Roughly two-thirds into Mistress America a series of characters criticize another’s short story. Mainly for being shallow plagiarism, but of all the harsh criticism hurled at the author, the line, “Just like the rest of your generation; everything a pastiche” lands closest to home. Not because the author in question takes it bitterly, but because it is the criticism that the author of Mistress America seems to hurtle at himself.
Mistress America — director Noah Baumbach’s tenth feature film and second collaboration with co-writer and star, Greta Gerwig — revolves around two young women, Tracy (Lola Kirke) and Brooke (Gerwig), whose parents are about the get married, making them future stepsisters. Tracy is 18, a freshman at Barnsdale College, an aspiring writer and unfamiliar in the world of sex, drink and New York City. Brooke is the complete opposite. She’s never went to college, was engaged once and currently lives in Time Square, in a flat originally zoned commercially. Brooke is the embodiment of the self-made person, and she’ll tell you all about it, if you give her the chance.
Tracy is enchanted, but simply following in Brooke’s wake is not enough. Nor is embodying her. What Tracy wants is to use her. Brooke is an unfocused and inexhaustible spirit, constantly dreaming, but never producing and Tracy immediately identifies Brooke as a literary character. If Tracy can contain 10% of Brooke on a 8½x11 sheet of paper, then she is in business.
And that is precisely what Tracy does, committing Brooke to the page in the form of a short story, entitled Mistress America — a line tossed off from Brooke. From their relationship, Tracy steals to further her career while Brooke produces more material for Tracy’s story. Tracy even fuels these ideas, possibly in hopes of gaining more material for her story.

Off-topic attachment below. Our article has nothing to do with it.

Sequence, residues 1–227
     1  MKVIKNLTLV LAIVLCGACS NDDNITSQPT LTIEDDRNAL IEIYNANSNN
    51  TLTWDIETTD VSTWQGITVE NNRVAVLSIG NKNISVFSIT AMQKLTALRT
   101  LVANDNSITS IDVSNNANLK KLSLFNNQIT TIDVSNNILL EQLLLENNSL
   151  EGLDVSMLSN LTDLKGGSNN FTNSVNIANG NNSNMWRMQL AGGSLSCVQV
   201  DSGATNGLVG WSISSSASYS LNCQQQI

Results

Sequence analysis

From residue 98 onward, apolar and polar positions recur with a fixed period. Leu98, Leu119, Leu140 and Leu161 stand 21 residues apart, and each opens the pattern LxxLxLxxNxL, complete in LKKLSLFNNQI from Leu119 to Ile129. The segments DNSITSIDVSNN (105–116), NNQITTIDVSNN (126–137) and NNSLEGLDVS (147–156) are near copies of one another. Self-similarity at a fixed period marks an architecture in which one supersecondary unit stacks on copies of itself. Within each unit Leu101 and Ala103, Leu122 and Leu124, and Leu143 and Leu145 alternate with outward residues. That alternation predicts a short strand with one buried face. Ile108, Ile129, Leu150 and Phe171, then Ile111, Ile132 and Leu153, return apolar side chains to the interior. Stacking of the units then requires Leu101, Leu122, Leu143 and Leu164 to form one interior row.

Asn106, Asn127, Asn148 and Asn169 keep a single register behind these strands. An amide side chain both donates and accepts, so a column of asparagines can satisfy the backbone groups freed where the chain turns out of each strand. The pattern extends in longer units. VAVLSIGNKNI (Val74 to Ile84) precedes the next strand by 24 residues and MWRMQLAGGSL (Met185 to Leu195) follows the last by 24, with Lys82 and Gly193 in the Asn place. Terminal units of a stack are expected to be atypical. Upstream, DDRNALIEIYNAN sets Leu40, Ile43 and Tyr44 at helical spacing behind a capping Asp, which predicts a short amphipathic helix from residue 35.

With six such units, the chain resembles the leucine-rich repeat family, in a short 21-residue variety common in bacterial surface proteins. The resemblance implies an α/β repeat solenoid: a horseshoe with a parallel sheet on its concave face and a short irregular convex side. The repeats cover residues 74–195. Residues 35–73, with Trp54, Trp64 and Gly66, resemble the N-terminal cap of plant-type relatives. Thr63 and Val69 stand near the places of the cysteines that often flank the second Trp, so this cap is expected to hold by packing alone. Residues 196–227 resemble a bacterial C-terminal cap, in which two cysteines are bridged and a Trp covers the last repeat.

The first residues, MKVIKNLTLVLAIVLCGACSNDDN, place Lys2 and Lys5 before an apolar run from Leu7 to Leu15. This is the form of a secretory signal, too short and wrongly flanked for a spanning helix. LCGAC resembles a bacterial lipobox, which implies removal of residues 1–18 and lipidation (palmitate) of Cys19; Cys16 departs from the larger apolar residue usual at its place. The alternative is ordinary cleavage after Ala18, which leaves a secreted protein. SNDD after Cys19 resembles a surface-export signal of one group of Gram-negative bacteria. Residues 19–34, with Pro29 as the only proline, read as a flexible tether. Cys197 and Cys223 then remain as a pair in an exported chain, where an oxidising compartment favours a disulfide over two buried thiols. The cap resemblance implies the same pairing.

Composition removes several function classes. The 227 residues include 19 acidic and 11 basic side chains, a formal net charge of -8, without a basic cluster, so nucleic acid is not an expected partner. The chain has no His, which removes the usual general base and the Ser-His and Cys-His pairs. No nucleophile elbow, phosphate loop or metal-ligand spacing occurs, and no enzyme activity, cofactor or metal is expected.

But this is not all of what Mistress America is, not by a long shot. Like the screwball comedies of yesteryear, Baumbach wedges more characters and situations around the Tracy/Brooke dynamic, heightening the tension by involving more and more players and throwing in a road trip to Connecticut for good measure. But amidst all of these very vocal voices, Mistress America opens and closes around Tracy and Brooke, one character ready to go places, one stuck, but neither seems to know who is which.
While this relationship provides an entertaining core of Mistress America, Buambach’s complications return to that biting criticism of, “Just like the rest of your generation; everything a pastiche.” Incorporating aspects of Woody Allen, Jean-Luc Godard and Preston Sturges to prop Mistress America up, this pastiche adds little to Baumbach’s style and in Mistress America, style is what Baumbach seems to be searching for.
He found it in Frances Ha and While We’re Young, and he’ll find it again (hopefully with Gerwig), but in the meantime, Mistress America delivers just enough laughs to keep the Baumbach faithful satiated. The rest, probably not.